Saturday sees the 54th running of the Sprint Cup being run at Haydock Park, a race that features some of the fastest horses in Europe.

Be Friendly won the initial running of the race in 1966 and there is a statue in his memory right next to the paddock at the Merseyside track. Be Friendly registered back-to-back victories in 1966 and 1967 and is the only horse ever to do so thus far.

The Sprint Cup is steeped in history with Champions including classic sprinters such as the late Sir Peter O’Sullevan’s Be Friendly, Danehill and G-Force, and three times winning jockeys Lester Piggott, Pat Eddery and Willie Carson.

Let’s take a look at all the Sprint Cup trends and statistics with a view to aiding you with your online betting:

Key Sprint Cup Trends: (last 10 years)

  • Age: 8/10 winners were aged between 3 and 5.

  • Rating: 9/10 winners had a rating of 111 or higher.

  • Season Form: 10/10 winners had at least 3 runs that season.

  • Course Form: 7/10 winners had at least one previous run at Haydock.

  • Group Form: 8/10 winners had at least one win in a Group 1-3 race.

  • Last Time Out: 3/10 winners won on their last run before the Sprint Cup.

  • Price: 7/10 winners were in the top 3 in the betting.

Runner-by-Runner Guide:

Brando (Kevin Ryan)

The Kevin Ryan team is represented by a trio of runners in this race and naturally one of those runners is Brando, runner-up in 2018 and fourth last year.

The eight-year old does go on soft ground, as his second to The Tin Man in 2018 thus proved, but all his best form has been on quick crowd and he does look up against it here.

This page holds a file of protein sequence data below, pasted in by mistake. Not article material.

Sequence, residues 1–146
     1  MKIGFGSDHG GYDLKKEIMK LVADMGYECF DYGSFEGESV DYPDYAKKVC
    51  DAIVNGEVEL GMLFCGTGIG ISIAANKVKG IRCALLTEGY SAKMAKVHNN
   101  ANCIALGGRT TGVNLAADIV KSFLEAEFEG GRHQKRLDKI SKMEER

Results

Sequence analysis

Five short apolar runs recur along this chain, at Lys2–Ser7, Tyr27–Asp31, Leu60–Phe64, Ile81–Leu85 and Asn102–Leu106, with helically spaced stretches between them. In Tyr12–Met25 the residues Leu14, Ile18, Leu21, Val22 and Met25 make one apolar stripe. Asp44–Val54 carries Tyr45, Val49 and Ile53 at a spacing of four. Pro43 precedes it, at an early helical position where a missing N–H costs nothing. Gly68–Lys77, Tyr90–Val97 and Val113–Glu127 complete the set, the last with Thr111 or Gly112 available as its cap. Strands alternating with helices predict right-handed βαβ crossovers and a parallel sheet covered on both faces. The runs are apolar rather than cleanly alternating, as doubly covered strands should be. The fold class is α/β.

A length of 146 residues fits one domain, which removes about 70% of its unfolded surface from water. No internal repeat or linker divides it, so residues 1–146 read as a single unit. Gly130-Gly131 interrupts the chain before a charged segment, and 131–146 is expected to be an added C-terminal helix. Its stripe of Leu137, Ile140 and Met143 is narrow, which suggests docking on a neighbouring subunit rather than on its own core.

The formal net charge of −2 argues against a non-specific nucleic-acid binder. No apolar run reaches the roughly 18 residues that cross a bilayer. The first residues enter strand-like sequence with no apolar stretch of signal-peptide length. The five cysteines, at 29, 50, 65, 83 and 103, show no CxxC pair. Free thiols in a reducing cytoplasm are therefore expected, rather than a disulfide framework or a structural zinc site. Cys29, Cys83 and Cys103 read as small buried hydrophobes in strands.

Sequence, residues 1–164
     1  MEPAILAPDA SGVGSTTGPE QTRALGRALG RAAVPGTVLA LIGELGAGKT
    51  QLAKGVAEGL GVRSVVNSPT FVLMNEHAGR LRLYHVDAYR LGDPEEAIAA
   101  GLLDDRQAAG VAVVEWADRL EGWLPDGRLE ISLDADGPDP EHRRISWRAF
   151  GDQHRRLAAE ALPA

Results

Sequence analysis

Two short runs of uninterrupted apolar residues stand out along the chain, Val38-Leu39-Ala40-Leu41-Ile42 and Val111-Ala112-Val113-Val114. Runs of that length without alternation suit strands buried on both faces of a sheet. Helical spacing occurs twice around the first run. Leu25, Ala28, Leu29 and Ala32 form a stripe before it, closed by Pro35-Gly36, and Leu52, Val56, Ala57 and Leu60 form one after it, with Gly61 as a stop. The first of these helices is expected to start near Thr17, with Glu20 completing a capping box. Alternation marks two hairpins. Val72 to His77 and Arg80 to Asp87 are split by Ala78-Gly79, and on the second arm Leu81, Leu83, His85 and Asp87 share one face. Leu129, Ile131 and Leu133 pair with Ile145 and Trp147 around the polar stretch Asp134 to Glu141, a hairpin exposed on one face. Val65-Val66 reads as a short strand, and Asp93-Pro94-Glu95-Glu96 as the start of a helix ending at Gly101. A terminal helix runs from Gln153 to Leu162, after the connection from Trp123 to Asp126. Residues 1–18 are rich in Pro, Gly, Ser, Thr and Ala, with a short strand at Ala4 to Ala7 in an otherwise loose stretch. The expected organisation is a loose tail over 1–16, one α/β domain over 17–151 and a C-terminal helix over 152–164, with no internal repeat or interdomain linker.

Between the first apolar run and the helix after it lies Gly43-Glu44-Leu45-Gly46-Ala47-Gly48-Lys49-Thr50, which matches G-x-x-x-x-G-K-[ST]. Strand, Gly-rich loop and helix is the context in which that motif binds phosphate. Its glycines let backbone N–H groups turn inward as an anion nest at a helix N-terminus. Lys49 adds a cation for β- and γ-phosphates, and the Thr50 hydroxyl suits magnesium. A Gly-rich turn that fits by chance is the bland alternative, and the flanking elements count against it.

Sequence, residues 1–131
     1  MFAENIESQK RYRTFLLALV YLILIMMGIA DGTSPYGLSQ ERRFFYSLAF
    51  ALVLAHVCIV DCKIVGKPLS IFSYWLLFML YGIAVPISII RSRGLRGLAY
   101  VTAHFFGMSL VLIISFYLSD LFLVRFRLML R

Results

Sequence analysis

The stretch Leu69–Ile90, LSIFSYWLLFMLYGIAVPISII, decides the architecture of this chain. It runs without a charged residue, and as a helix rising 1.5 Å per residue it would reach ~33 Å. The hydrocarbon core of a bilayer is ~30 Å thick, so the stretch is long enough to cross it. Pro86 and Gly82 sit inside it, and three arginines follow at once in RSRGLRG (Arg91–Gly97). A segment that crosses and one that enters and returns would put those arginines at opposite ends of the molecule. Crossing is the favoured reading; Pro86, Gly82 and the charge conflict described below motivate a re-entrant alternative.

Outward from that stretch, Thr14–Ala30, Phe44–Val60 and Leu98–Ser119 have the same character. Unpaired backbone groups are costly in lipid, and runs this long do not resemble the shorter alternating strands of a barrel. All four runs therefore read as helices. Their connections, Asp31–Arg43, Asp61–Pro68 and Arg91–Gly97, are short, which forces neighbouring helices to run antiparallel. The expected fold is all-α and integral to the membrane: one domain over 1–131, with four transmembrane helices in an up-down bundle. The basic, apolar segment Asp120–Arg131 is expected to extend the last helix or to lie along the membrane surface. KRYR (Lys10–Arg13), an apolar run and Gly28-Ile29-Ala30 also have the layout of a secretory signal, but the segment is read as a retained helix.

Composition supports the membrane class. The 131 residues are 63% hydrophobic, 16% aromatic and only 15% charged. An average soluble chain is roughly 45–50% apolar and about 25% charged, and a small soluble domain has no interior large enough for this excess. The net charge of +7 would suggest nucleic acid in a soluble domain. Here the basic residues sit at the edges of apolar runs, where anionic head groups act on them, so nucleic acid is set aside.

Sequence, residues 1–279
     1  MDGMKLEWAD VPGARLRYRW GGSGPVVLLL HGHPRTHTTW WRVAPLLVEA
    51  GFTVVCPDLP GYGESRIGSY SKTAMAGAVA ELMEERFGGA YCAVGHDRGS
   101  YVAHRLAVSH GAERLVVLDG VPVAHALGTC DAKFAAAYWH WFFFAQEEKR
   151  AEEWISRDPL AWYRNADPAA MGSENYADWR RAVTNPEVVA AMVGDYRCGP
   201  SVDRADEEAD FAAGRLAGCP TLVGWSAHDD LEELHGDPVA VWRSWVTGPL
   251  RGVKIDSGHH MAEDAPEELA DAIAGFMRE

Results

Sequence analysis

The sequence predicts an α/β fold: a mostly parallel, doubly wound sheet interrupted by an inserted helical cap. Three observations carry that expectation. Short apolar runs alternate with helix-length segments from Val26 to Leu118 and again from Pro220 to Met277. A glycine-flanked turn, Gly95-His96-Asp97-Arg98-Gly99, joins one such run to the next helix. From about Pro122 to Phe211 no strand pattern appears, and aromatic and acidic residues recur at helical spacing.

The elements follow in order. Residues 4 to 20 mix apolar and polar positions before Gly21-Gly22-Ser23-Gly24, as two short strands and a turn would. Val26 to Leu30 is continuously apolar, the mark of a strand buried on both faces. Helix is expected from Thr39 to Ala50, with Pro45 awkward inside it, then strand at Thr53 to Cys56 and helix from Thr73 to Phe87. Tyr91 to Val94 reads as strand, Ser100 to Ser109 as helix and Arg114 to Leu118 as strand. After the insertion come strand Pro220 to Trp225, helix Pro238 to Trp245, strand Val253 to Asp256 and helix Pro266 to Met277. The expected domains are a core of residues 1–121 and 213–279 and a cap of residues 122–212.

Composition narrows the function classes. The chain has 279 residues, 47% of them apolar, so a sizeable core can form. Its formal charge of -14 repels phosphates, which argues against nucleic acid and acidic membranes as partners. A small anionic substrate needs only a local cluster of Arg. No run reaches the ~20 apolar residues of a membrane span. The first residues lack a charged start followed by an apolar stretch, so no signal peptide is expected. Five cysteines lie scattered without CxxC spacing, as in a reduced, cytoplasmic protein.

Dream Of Dreams (Sir Michael Stoute)

Bounced back to winning ways in spectacular fashion in the Hungerford Stakes at Newbury and a reproduction of that run would leave the others trailing in his wake in this.

The six-year-old handles soft ground and he is also a course and distance winner. What is there not to like about him and his chances?

Glen Shiel (Archie Watson)

A winner of three of his last four starts and his Group Three triumph at the Curragh last time was a highly commendable effort.

The six-year-old is also the first ride in a Group One in Britain for Hollie Doyle. No pressure there then!

Hello Youmzain (Kevin Ryan)

Winner of the Diamond Jubilee Stakes and also victorious in last year's Betfair Sprint Cup, the four-year-old was also second in the Prix Maurice de Gheest over six furlongs at Deauville and comes into this race at the top of his game.

Can he emulate Be Friendly and win back-to-back renewals of this contest? Well 7/2 in our horse racing betting says he can.

Summerghand (David O’Meara)

Stewards’ Cup winner and perhaps one of the greatest Placepot horses in the land at the moment, but whether he can make the frame in this, his toughest task to date, looks a little improbable.

He did however finish a neck second in Listed company last weekend so one can never say never.

Tabdeed (Owen Burrows)

Tabdeed defeated The Tin Man in the Hackwood Stakes at Newbury in July and has not been seen out since.

This will be his first run in Group One company and there is a suspicion that he may not be entirely at home on any ground resembling soft.

The Tin Man (James Fanshawe)